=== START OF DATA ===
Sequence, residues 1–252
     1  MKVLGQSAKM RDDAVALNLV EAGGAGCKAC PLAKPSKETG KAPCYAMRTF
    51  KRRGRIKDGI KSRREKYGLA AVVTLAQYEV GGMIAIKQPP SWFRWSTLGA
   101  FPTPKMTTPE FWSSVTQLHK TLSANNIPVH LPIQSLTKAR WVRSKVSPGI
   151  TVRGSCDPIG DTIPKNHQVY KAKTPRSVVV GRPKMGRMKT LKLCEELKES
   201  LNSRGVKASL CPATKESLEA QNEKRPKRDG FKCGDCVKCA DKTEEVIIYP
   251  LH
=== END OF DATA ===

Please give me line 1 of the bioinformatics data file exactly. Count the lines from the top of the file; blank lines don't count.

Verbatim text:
Sequence, residues 1–252